Whether you’re an established professional photographer looking for a new revenue stream or a new photographer looking to kick-start your career, this guide is for you.
We’ve put together this quick guide to help you work out if you’ve got what it takes to make it in this lucrative industry, and if success is everything you think it is.
Who pays for real estate photography?
The obvious answer to this question is real estate agents. Almost all the work in real estate photography is generated by real estate agents. But not all real estate agents are the same.
Real estate falls into two main categories - residential and commercial. Residential real estate is the houses and apartments that we live in, whilst commercial real estate is the places we work…at least, before COVID sent many of us home.
Understanding the differences between the two is key in delivering images your client can use. Many of the requirements of the images will be the same - you want to create a story for why someone would want to spend their time in this place - but how that’s achieved in a commercial setting will be different from a residential setting.
As a result, many real estate photographers specialise in one area or another. You might decide to build skills in both camps.
What is involved in real estate photography?
Like any professional photography, taking photos is just the tip of the iceberg.
When you’re working with a client, you’ll need to spend time understanding what their requirements are so you can plan your shoot accordingly. This might include drone photography, or video, too.
Once the shots and footage is captured, you may need to spend many hours in post-production editing the photos to make the image really ‘pop’. Do you know where the images will be used? Newspaper printing (yes…it still happens) has different requirements to web-based advertising, and printed brochures are different again.
As well as the photographic skills required, you will also need to develop an understanding of many business fundamentals such as marketing, sales, and accounting.
Understand who your competitors will be in your chosen market and do your research to make sure you’re priced appropriately. Try not to under-cut your competition by offering cheaper services, but instead offer your clients additional value for the same price.
What equipment do I need?
Whilst it’s true that “beauty is in the eye of the beholder” and it’s your final images that count most, kitting yourself out with some decent equipment will pay dividends.
At a minimum, your kit bag should hold:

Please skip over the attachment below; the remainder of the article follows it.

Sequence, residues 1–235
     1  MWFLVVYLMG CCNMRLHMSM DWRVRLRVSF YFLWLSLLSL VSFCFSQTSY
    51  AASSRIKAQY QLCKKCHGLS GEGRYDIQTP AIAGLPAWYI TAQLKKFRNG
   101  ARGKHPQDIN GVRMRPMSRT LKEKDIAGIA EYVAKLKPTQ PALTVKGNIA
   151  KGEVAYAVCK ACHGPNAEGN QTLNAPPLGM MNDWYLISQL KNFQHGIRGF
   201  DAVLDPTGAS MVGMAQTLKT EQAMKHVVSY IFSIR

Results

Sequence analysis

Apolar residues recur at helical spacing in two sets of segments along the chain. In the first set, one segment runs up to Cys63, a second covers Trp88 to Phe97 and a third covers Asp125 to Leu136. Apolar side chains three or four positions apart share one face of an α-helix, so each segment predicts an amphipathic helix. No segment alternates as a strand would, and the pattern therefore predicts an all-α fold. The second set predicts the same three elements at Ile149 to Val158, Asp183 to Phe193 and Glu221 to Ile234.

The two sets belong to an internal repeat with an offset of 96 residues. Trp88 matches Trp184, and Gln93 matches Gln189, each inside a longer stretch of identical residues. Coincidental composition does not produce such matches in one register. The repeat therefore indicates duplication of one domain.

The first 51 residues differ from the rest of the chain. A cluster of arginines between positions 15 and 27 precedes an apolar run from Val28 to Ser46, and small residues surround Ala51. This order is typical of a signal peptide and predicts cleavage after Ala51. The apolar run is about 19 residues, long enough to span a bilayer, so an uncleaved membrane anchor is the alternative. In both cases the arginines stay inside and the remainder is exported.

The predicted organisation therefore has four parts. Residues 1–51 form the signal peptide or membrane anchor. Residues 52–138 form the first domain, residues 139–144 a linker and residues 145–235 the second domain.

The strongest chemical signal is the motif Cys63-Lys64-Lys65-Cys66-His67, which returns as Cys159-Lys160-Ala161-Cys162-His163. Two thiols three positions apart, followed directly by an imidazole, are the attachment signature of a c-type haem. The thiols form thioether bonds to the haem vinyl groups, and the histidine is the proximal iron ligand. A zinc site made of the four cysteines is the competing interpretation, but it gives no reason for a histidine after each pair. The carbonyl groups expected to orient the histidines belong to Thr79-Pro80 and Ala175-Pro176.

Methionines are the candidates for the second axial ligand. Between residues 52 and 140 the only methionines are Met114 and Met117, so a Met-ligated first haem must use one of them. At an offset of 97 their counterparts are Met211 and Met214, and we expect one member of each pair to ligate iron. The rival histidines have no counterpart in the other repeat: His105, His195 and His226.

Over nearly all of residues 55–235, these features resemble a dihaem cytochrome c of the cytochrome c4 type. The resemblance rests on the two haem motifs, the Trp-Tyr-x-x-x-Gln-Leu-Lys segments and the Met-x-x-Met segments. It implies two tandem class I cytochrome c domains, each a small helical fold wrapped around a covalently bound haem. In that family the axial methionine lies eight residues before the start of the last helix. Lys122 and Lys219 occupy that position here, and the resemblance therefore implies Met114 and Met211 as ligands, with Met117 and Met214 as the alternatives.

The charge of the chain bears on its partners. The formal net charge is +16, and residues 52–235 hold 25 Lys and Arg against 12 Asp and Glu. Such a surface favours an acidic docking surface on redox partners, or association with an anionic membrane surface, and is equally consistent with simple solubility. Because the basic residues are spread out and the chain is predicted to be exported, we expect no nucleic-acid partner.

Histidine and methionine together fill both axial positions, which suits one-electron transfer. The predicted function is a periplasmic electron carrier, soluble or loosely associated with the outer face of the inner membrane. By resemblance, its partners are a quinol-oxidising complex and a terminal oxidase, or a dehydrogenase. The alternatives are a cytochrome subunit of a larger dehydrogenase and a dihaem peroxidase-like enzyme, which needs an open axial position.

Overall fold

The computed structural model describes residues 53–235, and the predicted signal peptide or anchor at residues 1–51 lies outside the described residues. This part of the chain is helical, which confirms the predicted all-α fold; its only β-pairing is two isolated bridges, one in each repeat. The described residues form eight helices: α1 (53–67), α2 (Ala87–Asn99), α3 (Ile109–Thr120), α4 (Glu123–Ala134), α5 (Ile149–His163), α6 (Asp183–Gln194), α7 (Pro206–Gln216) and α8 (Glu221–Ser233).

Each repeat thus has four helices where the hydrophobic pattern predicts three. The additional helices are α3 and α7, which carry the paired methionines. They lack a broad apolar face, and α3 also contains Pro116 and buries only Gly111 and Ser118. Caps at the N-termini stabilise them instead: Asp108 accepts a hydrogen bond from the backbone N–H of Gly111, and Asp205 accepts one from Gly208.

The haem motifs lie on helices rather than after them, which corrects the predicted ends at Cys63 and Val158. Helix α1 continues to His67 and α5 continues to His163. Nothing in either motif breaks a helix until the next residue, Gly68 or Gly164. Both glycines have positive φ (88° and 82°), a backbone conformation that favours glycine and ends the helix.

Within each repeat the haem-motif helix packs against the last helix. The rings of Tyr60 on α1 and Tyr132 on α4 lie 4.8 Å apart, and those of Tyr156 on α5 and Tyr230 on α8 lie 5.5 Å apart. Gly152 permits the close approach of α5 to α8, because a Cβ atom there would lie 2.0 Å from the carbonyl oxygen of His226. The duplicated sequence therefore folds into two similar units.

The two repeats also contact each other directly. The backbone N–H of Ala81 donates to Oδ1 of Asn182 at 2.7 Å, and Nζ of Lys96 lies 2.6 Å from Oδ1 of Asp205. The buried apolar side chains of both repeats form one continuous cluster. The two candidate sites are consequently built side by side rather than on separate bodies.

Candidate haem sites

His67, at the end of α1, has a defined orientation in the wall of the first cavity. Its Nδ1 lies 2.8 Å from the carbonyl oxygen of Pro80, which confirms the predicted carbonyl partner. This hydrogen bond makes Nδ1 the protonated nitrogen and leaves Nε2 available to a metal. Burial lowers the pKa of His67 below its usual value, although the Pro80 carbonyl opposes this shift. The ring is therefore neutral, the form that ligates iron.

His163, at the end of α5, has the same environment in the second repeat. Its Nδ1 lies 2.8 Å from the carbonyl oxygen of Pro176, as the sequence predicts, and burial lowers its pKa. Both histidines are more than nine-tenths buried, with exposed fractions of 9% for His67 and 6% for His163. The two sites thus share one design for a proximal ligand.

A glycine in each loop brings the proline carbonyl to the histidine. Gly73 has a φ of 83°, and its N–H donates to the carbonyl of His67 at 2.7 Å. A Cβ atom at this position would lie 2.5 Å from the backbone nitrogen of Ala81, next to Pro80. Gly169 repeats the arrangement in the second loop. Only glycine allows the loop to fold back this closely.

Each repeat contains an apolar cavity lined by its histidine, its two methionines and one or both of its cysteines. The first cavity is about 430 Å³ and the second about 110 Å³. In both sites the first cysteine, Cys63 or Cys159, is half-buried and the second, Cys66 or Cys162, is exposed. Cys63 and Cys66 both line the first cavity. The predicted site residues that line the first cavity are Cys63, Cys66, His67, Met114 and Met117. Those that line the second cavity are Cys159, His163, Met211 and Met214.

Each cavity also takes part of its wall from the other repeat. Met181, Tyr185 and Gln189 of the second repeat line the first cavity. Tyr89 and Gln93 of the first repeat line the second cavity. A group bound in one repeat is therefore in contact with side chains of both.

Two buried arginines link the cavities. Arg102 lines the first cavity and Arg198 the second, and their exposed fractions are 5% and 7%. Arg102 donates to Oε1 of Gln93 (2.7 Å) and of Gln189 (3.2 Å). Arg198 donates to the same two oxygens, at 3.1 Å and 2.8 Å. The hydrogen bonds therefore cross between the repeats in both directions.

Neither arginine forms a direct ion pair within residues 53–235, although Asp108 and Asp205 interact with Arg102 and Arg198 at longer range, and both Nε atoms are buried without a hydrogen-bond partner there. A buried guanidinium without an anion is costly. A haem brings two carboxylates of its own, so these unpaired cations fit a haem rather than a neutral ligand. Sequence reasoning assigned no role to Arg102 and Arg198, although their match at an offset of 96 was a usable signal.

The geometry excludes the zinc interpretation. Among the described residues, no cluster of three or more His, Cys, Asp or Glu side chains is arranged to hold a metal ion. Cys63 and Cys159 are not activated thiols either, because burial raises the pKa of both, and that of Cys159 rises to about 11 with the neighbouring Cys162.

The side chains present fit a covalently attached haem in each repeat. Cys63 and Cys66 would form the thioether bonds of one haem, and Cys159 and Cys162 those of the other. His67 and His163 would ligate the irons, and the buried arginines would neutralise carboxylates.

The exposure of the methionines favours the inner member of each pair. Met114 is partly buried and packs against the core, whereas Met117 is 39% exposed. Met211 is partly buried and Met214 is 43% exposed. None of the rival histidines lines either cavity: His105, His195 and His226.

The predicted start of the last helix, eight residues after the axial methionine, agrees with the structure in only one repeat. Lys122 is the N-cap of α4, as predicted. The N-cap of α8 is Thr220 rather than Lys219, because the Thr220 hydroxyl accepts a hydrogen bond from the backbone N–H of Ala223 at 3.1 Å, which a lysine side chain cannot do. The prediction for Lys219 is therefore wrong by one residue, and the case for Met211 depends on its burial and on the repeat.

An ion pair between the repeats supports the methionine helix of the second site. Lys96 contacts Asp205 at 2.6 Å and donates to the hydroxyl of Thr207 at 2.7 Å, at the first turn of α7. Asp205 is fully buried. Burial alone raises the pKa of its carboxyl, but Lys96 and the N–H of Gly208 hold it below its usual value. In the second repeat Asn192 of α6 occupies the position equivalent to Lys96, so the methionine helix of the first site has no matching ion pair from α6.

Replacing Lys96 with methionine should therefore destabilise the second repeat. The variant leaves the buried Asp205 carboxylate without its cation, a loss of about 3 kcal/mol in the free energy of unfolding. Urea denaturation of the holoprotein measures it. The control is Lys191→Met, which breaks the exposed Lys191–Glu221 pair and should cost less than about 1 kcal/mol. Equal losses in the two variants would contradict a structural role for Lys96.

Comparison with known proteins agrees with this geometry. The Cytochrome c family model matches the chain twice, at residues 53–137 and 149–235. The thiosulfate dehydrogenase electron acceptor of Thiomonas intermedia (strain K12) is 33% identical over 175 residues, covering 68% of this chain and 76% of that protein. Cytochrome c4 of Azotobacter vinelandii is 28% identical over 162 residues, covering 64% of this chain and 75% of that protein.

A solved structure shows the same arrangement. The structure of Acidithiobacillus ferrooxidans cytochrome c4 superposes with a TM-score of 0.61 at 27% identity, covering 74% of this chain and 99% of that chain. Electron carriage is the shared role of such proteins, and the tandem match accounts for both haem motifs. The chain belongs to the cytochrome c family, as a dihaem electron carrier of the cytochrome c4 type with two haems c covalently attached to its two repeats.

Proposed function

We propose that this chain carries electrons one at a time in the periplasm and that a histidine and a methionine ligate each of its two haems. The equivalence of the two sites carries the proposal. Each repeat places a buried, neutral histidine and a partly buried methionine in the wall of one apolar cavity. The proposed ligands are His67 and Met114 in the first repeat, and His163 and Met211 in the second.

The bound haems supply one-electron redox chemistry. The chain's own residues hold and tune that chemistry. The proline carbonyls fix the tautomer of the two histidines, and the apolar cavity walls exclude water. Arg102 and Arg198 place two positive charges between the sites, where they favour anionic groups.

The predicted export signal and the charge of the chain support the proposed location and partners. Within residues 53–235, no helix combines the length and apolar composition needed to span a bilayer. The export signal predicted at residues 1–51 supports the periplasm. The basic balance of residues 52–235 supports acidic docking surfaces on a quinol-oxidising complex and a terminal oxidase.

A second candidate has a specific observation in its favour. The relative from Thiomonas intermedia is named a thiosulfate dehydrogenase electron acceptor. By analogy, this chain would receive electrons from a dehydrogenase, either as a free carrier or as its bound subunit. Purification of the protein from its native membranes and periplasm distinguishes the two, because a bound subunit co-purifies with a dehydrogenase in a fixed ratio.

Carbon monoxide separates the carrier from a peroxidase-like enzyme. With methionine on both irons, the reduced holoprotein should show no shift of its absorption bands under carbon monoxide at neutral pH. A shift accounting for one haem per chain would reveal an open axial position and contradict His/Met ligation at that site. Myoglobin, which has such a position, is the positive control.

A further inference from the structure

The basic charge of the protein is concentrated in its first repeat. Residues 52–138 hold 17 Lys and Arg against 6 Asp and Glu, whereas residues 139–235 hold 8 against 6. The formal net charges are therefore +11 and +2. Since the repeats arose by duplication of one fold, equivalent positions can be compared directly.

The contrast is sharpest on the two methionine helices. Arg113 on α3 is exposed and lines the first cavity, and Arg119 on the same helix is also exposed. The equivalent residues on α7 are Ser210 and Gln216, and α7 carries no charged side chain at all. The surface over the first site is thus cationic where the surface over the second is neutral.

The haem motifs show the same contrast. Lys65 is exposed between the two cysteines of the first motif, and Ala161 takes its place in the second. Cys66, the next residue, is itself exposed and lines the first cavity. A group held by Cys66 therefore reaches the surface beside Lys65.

- A decent full-frame digital SLR. Full-frame DSLRs generally provide richer colours, and are less ‘noisy’ than their APS-C counterparts. They work better in low light conditions (required for natural light, indoor shots) and provide more ‘depth-of field’ versatility. Mirrorless cameras with interchangeable lenses are also an option.
- A good quality wide angle lens. Something in the 15-40mm range is generally considered best with good aperture (~f/2.8). Makes and models will vary depending on your camera body.
- A telephoto lens around the 70-300mm range. This will be particularly useful for capturing architectural features that you might not be able to get up close to.
- An external flash. Whilst natural light is the best, sometimes you need to resort to flash, which can also be used to highlight specific subjects. Your camera’s built-in flash is unlikely to be powerful enough for professional use.
- A sturdy tripod with a mount that can take the weight of your camera and lens.
- Spare batteries (charged) and charger (just in case).
- Laptop with high quality screen. Because of their high definition and high dynamic range screens, MacBooks are considered the de facto standard for photography professionals, but Windows-based laptops can also be used. Just be sure they have the best possible screen, ideally one that can be calibrated so you get no nasty surprises later on.
- Smartphone with camera. In good light conditions, there is no reason why you can’t take professional grade photographs with your smartphone camera. Sometimes, this is the one that you have in your hand when the opportunity presents, especially for video. Keep it handy at all times!
Do I need to have a drone?
Drones offer another dimension to your repertoire that many real estate agents will pay a premium for.
Photos and video footage captured from drones has become very popular in real estate marketing. Whether you need to offer this will depend on your chosen market.
If you don’t have the skills or budget to offer drone photography yourself when starting off, consider partnering with someone who has a drone to learn the skills for yourself.
Consider also that there are strict rules around flying drones for commercial use. See the CASA website for more details.
Where to start?
In this article, we’ve provided some tips to use when considering starting a career in real estate photography…but nothing beats learning from a seasoned professional.
We offer a range of 1 and 2 day real estate photography courses in all major cities in Australia, including Sydney, Melbourne, and Brisbane. Plus a comprehensive online course you can study in your own time with the supervision of a professional.
If you want to know more about how you can start a career in real estate photography, just ask or check our range of real estate photography courses below.